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Fig. 5. Comparison between numerical and experimental results for the Stokes parameters of Fig. 3 evaluated for x = y or x = 6w 0. Solid line refers to experimental values and dashed line to numerical values.

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Fig. 6. Comparison between numerical and experimental results for the Stokes parameters of Fig. 4 evaluated for x = y or x = 6w 0. Solid line refers to experimental values and dashed line to numerical values.

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References and links

1. R. M. A. Azzam, B. E. Merrill, and N. M. Bashara, “Trajectories describing the evolution of polarized light in homogeneous anisotropic media and liquid crystals,” Appl. Opt. 12, 4, 764–771 (1973). [CrossRef]   [PubMed]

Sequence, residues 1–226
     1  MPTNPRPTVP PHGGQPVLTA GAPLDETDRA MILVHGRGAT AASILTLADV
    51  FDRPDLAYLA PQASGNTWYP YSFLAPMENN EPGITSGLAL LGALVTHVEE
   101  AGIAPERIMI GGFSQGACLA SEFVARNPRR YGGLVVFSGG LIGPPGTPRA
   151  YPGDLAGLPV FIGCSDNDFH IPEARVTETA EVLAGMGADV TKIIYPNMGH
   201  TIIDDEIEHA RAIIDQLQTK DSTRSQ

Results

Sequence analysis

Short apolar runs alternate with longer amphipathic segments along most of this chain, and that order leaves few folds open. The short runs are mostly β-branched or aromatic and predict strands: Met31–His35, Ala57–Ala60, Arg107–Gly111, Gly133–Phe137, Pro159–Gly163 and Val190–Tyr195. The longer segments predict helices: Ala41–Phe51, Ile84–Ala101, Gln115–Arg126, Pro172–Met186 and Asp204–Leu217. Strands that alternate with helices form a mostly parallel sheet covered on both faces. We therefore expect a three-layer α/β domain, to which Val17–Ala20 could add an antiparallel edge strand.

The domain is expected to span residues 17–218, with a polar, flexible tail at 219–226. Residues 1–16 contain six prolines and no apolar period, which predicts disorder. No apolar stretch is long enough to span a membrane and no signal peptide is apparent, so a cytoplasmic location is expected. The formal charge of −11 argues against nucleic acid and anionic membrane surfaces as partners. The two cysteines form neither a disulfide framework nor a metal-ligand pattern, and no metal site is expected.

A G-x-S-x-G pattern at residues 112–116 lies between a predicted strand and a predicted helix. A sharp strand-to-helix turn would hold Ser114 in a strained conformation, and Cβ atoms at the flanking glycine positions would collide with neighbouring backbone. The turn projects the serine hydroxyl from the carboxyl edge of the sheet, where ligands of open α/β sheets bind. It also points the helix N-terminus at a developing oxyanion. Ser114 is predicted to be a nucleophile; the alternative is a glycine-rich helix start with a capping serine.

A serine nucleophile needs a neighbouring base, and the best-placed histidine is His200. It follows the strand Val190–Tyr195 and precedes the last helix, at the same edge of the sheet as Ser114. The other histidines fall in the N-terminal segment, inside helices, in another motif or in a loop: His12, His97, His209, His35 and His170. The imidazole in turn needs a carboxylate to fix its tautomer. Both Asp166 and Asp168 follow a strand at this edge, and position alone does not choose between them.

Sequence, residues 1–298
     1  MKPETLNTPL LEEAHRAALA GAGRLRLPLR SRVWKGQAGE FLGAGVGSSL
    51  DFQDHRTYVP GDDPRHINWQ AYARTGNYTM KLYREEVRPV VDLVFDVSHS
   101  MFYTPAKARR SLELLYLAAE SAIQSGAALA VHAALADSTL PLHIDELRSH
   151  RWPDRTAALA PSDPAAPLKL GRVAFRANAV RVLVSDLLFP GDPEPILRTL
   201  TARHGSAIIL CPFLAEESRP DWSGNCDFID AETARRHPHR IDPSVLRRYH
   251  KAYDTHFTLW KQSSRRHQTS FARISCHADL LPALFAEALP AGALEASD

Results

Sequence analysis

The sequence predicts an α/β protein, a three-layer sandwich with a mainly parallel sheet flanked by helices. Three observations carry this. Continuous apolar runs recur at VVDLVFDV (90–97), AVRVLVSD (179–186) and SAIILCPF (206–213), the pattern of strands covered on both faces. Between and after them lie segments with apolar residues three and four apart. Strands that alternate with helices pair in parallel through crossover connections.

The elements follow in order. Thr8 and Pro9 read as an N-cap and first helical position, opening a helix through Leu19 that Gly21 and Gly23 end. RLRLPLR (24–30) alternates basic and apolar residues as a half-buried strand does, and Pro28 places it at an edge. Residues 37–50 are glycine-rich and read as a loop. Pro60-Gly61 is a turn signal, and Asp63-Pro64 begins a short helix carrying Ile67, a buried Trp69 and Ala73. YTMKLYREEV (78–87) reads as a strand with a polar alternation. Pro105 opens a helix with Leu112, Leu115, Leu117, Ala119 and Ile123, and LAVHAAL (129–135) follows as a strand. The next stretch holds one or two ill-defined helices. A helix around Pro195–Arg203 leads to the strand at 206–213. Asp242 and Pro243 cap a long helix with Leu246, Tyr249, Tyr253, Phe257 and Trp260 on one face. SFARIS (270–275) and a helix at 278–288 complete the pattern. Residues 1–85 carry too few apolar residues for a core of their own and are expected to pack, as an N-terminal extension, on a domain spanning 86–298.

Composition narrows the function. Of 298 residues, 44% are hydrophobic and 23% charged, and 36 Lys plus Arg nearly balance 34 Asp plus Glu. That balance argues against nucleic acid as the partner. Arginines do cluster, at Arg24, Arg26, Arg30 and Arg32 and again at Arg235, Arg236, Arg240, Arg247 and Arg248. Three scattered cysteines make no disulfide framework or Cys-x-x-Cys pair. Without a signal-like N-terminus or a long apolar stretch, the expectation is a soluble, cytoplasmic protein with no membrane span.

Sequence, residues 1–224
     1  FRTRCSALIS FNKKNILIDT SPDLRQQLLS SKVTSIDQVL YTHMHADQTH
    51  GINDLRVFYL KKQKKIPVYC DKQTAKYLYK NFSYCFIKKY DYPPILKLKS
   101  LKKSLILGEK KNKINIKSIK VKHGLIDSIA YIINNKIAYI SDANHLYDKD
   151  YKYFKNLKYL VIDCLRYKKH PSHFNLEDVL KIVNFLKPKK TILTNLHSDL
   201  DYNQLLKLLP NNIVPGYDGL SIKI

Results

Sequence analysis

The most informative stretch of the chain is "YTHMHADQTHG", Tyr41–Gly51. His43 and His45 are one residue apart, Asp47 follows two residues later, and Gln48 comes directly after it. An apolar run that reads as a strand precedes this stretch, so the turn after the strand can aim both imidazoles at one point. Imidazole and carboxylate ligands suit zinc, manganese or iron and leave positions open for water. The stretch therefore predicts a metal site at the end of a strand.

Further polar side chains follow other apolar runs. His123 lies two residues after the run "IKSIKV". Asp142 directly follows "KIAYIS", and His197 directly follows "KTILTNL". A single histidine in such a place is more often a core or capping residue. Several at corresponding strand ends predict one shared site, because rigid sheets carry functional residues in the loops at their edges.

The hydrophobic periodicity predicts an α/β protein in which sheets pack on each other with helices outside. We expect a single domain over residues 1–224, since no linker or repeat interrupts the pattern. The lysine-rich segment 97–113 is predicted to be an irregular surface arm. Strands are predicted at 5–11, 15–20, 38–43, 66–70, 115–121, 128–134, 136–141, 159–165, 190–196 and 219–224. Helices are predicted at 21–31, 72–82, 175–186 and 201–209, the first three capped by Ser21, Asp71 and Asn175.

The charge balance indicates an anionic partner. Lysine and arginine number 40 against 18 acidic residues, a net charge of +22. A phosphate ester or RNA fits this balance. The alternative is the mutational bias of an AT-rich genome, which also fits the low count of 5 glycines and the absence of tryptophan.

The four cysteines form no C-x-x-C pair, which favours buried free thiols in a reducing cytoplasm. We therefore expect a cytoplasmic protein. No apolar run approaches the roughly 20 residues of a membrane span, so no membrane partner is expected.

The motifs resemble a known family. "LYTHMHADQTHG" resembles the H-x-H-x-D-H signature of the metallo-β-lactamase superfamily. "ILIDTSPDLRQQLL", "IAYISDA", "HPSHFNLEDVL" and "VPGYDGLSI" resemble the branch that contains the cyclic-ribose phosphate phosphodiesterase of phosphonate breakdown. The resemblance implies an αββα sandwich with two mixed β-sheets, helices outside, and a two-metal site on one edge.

2. M. Stalder and M. Schadt, “Linearly polarized light with axial symmetry generated by liquid-crystal polarization converters,” Opt. Lett. 21, 23, 1948–1950 (1996). [CrossRef]   [PubMed]  

3. J. L. Wagener, D. G. Falquier, J. J. F. Digonnet, and H. J. Shaw, “A Mueller matrix formalism for modelling polarization effects in erbium-doped fiber,” IEEE J. Lightwave Tech. 16, 2, 200–206 (1998). [CrossRef]  

4. W. M. Shute, C. S. Brown, and J. Jarzynski, “Polarization model for a helically wound optical fiber,” J. Opt. Soc. Am. A 14, 12, 3251–3261 (1997). [CrossRef]  

5. Z. K. Ioannidis, R. Kadiwar, and I. Giles, “Anisotropic polarization maintaining optical fiber ring resonators,” IEEE J. Lightwave Tech. 14, 3, 377–384 (1996). [CrossRef]